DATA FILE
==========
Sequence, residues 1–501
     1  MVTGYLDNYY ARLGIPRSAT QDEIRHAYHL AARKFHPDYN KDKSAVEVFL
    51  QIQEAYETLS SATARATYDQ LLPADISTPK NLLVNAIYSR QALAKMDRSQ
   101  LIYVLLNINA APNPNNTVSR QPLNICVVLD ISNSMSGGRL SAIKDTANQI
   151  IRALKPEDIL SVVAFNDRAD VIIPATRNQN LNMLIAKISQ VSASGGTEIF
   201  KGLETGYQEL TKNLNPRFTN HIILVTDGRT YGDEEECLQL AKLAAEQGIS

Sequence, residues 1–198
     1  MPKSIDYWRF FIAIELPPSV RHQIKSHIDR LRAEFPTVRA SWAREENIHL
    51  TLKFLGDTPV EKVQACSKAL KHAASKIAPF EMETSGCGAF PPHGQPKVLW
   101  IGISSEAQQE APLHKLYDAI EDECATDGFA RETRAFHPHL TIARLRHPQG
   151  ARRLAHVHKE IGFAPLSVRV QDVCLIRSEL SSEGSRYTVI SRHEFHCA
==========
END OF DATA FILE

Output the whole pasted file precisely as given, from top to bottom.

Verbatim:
Sequence, residues 1–501
     1  MVTGYLDNYY ARLGIPRSAT QDEIRHAYHL AARKFHPDYN KDKSAVEVFL
    51  QIQEAYETLS SATARATYDQ LLPADISTPK NLLVNAIYSR QALAKMDRSQ
   101  LIYVLLNINA APNPNNTVSR QPLNICVVLD ISNSMSGGRL SAIKDTANQI
   151  IRALKPEDIL SVVAFNDRAD VIIPATRNQN LNMLIAKISQ VSASGGTEIF
   201  KGLETGYQEL TKNLNPRFTN HIILVTDGRT YGDEEECLQL AKLAAEQGIS

Sequence, residues 1–198
     1  MPKSIDYWRF FIAIELPPSV RHQIKSHIDR LRAEFPTVRA SWAREENIHL
    51  TLKFLGDTPV EKVQACSKAL KHAASKIAPF EMETSGCGAF PPHGQPKVLW
   101  IGISSEAQQE APLHKLYDAI EDECATDGFA RETRAFHPHL TIARLRHPQG
   151  ARRLAHVHKE IGFAPLSVRV QDVCLIRSEL SSEGSRYTVI SRHEFHCA